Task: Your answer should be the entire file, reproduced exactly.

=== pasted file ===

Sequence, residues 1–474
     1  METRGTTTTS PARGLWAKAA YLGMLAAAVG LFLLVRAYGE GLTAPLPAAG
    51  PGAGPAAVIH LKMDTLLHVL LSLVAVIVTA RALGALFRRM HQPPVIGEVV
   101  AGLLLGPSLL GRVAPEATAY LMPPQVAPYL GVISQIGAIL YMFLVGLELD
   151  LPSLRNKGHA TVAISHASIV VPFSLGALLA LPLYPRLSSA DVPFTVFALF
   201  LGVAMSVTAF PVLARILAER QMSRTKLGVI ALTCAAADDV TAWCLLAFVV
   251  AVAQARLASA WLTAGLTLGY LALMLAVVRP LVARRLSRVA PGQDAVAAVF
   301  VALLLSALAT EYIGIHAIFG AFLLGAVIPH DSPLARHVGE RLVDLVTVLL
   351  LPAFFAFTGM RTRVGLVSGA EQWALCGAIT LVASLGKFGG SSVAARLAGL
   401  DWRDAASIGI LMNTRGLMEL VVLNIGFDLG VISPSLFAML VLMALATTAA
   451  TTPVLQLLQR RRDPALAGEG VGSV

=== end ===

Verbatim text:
Sequence, residues 1–474
     1  METRGTTTTS PARGLWAKAA YLGMLAAAVG LFLLVRAYGE GLTAPLPAAG
    51  PGAGPAAVIH LKMDTLLHVL LSLVAVIVTA RALGALFRRM HQPPVIGEVV
   101  AGLLLGPSLL GRVAPEATAY LMPPQVAPYL GVISQIGAIL YMFLVGLELD
   151  LPSLRNKGHA TVAISHASIV VPFSLGALLA LPLYPRLSSA DVPFTVFALF
   201  LGVAMSVTAF PVLARILAER QMSRTKLGVI ALTCAAADDV TAWCLLAFVV
   251  AVAQARLASA WLTAGLTLGY LALMLAVVRP LVARRLSRVA PGQDAVAAVF
   301  VALLLSALAT EYIGIHAIFG AFLLGAVIPH DSPLARHVGE RLVDLVTVLL
   351  LPAFFAFTGM RTRVGLVSGA EQWALCGAIT LVASLGKFGG SSVAARLAGL
   401  DWRDAASIGI LMNTRGLMEL VVLNIGFDLG VISPSLFAML VLMALATTAA
   451  TTPVLQLLQR RRDPALAGEG VGSV